By Kelly Dickey
The Herald Bulletin
---- — ANDERSON — “Special needs” means a mental or physical handicap for most, but in the adoption world, it means children who are harder to place. For the families who adopt them, though, the words have no meaning.
While the term does include children with certain medical and emotional needs, most children in the foster care system who are considered special needs are 2 years of age and older or have at least one sibling, according to the Indiana Department of Child Services. The circumstances add extra challenges that fewer prospective parents are willing to face.
Lapel resident Kristy Allender understands those challenges. She and her husband, Carl, have been foster parents to 53 children.
Allender said she considers all of her foster kids her children, but there was something about biological siblings Kadan and Julian that made her choose adoption.
“They grew in (their biological mother’s) tummy, but they grew in our hearts,” Allender said.
Allender and her husband have two biological children, Kourtney, 22, and CJ, 19, but she said there’s no difference between them and her adoptive children. In fact, the word “adopted” as an adjective was often referred to as “the a-word” in the house.
“You’re only born once,” Allender said. “You being adopted is a one-time event. You’re not forever my adopted son. You’re my son.”
Allender said she knew the brothers belonged in her home permanently their first day there and the boys’ circumstances allowed them to be adopted. Their biological mother was young and there was neglect, but Allender said the woman cares about them and was happy they were adopted together.
Carolynn Barr, a case worker for adoption and foster care agency The Villages, said children in the system know their parents can’t care for them but it doesn’t necessarily make it easier for them to adapt.
“It’s devastating for children to be removed from their biological homes,” she said. “You would think children who are abused or neglected are glad to leave, but they’re not. They want to be with their biological families.”
Kadan, who was adopted when he was 6 and is now 12, said he has fun with his adoptive family and that it’s better than being on the streets.
“I think if you’re going to have kids then you should actually care for them because they’re your responsibility to take care of them,” he said. “You wanted them so you have to keep them and you better take care of them.”
James Wide, Department of Child Services communications director, said he doesn’t know how many special needs children are in Madison County because the state doesn’t tally the number by county. He said the state is actively recruiting families for 75 to 100 children throughout Indiana.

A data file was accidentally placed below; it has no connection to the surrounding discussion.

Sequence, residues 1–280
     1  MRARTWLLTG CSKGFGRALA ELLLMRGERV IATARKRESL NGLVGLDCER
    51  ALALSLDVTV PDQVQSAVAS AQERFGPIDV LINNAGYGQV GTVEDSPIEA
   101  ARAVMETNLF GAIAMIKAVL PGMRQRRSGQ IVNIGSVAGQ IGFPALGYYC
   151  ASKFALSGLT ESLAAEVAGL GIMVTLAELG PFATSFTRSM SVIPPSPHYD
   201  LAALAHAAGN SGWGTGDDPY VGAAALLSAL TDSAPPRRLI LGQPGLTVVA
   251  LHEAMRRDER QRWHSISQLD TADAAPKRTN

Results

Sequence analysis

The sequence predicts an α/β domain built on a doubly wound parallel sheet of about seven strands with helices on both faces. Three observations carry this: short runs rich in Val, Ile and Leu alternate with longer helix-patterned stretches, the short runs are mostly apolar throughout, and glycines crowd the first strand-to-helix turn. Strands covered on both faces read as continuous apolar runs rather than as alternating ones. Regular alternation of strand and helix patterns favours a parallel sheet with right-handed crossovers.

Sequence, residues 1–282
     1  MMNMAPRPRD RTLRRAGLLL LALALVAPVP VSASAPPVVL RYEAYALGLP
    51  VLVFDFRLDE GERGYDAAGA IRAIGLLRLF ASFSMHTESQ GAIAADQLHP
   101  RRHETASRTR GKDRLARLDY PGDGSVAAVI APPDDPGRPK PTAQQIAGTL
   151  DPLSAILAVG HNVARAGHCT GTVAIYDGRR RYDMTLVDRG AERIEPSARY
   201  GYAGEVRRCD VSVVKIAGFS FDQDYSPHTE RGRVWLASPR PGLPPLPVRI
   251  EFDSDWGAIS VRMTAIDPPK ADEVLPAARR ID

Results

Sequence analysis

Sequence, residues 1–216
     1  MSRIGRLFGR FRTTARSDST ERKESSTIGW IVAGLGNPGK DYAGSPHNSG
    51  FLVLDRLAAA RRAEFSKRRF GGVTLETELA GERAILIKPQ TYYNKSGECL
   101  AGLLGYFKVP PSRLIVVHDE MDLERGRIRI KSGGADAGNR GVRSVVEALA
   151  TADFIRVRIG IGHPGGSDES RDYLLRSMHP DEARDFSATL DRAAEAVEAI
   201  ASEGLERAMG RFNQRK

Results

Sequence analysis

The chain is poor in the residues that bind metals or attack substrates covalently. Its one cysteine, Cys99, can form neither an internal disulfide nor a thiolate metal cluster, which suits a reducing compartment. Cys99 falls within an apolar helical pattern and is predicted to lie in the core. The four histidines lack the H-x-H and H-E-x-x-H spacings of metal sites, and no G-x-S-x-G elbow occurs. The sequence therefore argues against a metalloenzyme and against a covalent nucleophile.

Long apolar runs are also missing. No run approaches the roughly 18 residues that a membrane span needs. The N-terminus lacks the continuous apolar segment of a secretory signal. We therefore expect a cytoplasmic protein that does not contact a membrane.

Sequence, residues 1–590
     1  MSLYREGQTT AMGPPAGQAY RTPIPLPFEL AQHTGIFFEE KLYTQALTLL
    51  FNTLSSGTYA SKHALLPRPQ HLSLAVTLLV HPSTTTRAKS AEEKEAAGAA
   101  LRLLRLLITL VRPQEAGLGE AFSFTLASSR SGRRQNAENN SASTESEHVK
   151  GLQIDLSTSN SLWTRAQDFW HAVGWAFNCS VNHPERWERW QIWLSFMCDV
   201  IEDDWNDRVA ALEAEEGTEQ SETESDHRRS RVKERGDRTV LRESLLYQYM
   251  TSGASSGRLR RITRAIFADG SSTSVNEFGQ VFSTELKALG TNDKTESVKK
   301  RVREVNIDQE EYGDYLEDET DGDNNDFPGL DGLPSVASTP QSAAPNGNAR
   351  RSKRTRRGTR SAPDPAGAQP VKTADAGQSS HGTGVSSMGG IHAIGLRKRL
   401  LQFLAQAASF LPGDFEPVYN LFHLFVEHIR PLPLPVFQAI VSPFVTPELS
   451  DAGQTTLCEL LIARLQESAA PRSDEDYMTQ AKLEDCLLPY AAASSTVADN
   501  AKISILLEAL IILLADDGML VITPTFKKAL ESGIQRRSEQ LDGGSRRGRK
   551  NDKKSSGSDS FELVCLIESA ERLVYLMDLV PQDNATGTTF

“Obviously the goal is permanency for children,” Wide said. “If they age out of the system, we still have services that help them adapt to adulthood.”
From June 2012 to July 2013, the state had 1,311 adoptions, he said.
Barr, who was adopted and has worked for The Villages for 14 years, said there are privileges to adopting children in the special needs category.
“Knowing that you’re really helping a child that may not have a family and who has gone through a lot is a big reward,” she said. “Children in the system know their families can’t care for them. You’re really going to be making an impact on a child.”
Muncie resident Chuck Jarnagin said his children were the ones who made an impact on him. He and his wife have adopted four children, three through the Special Needs Adoption Program (SNAP).
The couple tried to conceive for years and went through tests and treatments.
“With our fertility problems, I hated to hear any time someone was pregnant or having a baby shower,” he said.
His wife, Deana Jarnagin, said looking back, she’s realized it was meant to be. They were able to adopt their oldest son, Anthony, 19, within days of his birth through a private adoption. Cecelia, 10, Gavyn, 6, and Hailey, 5, were adopted through SNAP.
The Jarnagins said they don’t think about the adoptions that much and the kids rarely ask questions, but when they do they’re open and tell them as much as they can.
“(Anthony) was only 3 years old when he goes, ‘Look, Mommy, Red Lobster. Did you always eat Red Lobster when I was in your belly?' ” Deana said. “It just caught me off guard and I was like, ‘Oh.’ How do you explain to a 3-year-old?' ”
They addressed the issue by creating an album with pictures and papers to explain the adoption. They’ve tried to be as open with the kids as they can.
Since Cecelia is Mexican, the parents try to teach her about her heritage without making her feel different from the rest of the family. They said each of their kids have a different story of where they come from, but what matters is they’re a family now.
“‘These kids were blessed, yes,” Chuck said, “but these kids blessed us.”
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